Boron Foliar Fertilizer
Boron is essential for correct meristem (growing points of roots and shoots) growth, carbohydrate metabolism, synthesis of nucleic acids and pollination. The solubility of B is pH dependent and deficiency problems are more likely on alkaline soils (pH>7.0). Coarse or sandy soils, and those subject to excessive leaching, can also lead to B deficiency. Boron also becomes less available during long periods of drought. Application of boron after observing symptoms is usually too late to prevent the problem.
Crops most affected by Boron deficiency
- Brassicas. In particular, Cauliflower, Swede and Turnip are susceptible to Boron deficiency. Deficiency can cause 'Brown Heart' - when soft brown centres develop. Cauliflower curds may be stunted or turn brown.
- In Carrots Boron deficiency shows up as 'Five o'clock Shadow' - a discolouring of the carrot just below the skin. The new leaves can also look pale and become necrotic. Germination and growth are stunted as well.
- In Beetroot it causes canker and dark spots inside the Beetroots. Young leaves can be distorted.
- Celery is sensitive to B deficiency which causes the disorder known as 'Cat Claw' - when the epidermis splits along the
Boron Deficiency in Plants
- Cell division does not proceed normally at the growing points - tissue becomes distorted and eventually dies. This can lead to development of side shoots and a bushy appearance to the plant. New leaves are small and misshapen
- Damage to cell walls is responsible for the brown flecks, stripes and marks in sugar beet ('heartrot'), swedes ('brown heart'), carrots ('five o'clock shadow') and celery (stripes along stems). Beetrot can also develop warty growths.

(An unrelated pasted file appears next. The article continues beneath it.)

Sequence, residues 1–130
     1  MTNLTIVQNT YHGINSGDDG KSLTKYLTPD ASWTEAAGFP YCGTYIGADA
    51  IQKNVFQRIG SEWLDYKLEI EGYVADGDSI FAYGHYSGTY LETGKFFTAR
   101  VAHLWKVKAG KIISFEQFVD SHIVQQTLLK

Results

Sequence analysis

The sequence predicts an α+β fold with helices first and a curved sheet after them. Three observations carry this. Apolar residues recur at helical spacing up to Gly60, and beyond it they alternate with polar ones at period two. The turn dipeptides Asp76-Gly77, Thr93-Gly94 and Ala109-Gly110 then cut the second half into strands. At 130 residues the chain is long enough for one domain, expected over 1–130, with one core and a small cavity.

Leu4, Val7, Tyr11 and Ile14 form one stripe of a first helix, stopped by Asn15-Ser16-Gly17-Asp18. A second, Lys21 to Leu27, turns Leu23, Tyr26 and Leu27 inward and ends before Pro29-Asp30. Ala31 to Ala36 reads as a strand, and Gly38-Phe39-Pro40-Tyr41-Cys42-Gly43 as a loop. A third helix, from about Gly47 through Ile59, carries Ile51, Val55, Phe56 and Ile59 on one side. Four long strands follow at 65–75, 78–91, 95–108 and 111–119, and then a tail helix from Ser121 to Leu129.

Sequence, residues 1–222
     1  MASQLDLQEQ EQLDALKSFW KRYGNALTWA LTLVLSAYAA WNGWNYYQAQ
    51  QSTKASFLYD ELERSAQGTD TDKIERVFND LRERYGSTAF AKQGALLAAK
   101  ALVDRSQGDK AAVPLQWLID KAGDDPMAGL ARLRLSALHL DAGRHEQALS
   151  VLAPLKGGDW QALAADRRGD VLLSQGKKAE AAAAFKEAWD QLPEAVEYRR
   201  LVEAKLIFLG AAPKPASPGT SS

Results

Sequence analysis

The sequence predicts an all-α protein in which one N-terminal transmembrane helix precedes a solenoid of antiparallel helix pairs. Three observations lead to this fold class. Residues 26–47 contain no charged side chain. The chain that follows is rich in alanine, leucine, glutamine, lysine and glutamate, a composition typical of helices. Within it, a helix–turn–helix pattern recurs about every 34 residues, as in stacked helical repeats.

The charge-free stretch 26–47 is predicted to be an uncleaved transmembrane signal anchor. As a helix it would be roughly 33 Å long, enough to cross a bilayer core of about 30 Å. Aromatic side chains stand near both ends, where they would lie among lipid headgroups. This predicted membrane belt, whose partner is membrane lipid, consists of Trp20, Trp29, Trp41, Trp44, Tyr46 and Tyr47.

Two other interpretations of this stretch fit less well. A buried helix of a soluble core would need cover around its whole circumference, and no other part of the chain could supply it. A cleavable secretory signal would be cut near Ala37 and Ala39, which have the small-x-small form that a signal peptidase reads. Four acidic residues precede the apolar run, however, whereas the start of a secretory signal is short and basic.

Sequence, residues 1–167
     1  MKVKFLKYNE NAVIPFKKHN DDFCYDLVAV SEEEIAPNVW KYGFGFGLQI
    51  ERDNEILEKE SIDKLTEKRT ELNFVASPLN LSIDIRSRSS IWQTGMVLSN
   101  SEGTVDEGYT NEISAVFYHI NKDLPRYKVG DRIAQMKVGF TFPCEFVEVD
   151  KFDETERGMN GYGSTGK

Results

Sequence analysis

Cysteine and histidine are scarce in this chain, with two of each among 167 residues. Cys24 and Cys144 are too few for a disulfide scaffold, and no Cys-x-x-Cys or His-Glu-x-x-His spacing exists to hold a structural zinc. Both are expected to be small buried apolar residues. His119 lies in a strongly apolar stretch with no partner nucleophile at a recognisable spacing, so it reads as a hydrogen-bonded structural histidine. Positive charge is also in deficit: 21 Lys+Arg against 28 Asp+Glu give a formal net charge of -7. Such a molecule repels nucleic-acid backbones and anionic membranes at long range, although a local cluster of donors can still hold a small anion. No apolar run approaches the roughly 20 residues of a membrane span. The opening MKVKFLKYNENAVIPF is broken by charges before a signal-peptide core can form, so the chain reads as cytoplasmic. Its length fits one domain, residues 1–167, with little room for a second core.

- The stems of boron deficient plants may become brittle, have corky areas of tissue and develop obvious cracks. Branches can be hollow, split and ooze sap.
- Fruit is often small, misshapen and cracked. The fruit of apples and pears may have corky areas on the skin and brown spongy lesions in the flesh.
- Root crops are often misshapen and develop a hollow core.
- Diseases that cause rotting are more common in boron deficient crops because of the damage to the cuticle caused by the disorder.
- Deficiency also affects pollination and seed set.
EU-Fertilizer Borethanolamin 11 11% B (150gr/L)
Use and application
Boron is best applied to the soil at the beginning of the season at double the dose, then again when there is enough leaf to absorb the feed. In severe cases of deficiency another dose can be applied later on in the season.
- Dilute 50ml per 5-8litre for smaller plots. 50ml is enough for 250m2 as a foliar spray and 125m2 on the soil.
- 1 to 3 litres per hectare as a foliar feed ususally twice per season.
- 4 to 8 litres per hectare as a fertilizer on the soil
- It's important not to add too much Boron since in high concentrations it can be toxic to plants.
Appr. for use in Org. Agr. EG-OEKO-VO